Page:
Suspended sediment transport characterization along the Biobío River, Chile.

Diego Caamaño, Edwin Behrens, Alba Martinez, Hernán Alcayaga

Wednesday 1 july 2015

8:45 - 9:00h at Mississippi (level 1)

Themes: (T) Sediment management and morphodynamics, (ST) Sediment transport mechanisms and modelling

Parallel session: 8A. Sediment - Transport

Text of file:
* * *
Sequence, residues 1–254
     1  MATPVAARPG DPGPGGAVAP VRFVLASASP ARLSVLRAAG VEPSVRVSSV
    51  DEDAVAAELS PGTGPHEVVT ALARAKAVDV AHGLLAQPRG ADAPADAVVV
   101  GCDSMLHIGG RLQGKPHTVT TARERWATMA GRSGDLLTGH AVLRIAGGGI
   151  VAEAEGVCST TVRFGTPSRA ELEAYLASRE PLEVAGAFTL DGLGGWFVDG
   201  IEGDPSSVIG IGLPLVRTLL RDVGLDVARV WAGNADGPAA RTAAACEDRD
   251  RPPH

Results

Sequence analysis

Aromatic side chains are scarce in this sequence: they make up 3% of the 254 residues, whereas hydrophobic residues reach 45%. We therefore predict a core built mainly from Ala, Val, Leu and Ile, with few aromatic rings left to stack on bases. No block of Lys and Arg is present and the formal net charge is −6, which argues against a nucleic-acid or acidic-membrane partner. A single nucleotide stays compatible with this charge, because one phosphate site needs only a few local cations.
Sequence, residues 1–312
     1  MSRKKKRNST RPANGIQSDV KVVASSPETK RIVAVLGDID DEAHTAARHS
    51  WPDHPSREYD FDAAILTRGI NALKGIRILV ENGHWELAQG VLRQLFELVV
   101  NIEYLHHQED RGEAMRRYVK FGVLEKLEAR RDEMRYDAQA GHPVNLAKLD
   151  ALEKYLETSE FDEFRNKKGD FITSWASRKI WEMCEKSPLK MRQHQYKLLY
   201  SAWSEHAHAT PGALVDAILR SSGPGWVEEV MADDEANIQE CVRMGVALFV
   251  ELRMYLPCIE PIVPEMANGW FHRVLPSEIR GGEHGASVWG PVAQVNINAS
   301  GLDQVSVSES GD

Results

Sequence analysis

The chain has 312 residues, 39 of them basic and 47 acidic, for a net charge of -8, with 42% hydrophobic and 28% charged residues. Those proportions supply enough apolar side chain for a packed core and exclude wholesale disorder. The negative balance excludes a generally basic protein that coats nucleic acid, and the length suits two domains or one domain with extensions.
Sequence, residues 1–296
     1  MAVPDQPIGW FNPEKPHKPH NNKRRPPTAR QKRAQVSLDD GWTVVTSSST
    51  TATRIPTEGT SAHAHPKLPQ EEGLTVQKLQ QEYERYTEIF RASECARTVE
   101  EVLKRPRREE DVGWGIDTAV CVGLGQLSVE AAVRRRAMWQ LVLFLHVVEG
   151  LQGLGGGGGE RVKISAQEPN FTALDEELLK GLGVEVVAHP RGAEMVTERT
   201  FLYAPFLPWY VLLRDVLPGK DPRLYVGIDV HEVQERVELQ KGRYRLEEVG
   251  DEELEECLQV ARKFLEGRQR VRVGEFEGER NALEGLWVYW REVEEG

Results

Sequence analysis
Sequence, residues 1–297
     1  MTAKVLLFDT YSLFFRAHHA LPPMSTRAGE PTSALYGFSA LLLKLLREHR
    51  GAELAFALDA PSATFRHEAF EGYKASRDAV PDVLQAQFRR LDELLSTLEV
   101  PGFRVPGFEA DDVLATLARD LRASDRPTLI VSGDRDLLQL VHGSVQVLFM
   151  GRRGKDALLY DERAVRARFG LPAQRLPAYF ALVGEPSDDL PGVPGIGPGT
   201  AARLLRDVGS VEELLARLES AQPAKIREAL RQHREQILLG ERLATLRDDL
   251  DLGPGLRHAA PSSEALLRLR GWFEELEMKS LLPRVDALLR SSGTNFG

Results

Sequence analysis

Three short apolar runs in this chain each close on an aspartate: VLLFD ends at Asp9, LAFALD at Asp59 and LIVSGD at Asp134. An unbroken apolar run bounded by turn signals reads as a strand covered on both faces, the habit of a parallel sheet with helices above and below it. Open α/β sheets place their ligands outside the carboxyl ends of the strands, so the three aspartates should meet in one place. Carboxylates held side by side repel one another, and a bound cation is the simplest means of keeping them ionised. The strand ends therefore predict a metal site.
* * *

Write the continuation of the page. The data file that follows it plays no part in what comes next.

The Biobío fluvial system is one of the most important areas for economical developments in the Chile, and it has been recently classified as one of the world’s largest river systems strongly affected by fragmentation and change in flow regime, primarily due to hydropower and irrigation. Remarkable research efforts have been focused on the Biobío, yet little is known about the river sediment transport patterns and its response to natural and/or anthropogenic perturbations. This study utilizes a power-law rating curve to assess the spatial and temporal variability of suspended sediment transport by clustering and characterizing the data collected by the Chilean Ministry of Public Works. Results show highly variable rating coefficients between seasons, and yearly analyses indicate patterns that are in coincidence with dams operations. The different periods are marked and identified before and after the construction/operation of the dams, showing a rapid response in the upper basin station and a minimum change on the lower part of the river. This suggests a strong suspended sediment transport signal coming from the two main tributaries (i.e. Laja and Vergara Rivers). These results help to better understand the river behavior in terms of sediment distribution and transport, and also means an improvement when characterizing the phenomena through empirical expressions that, for example, could be used to feed numerical models.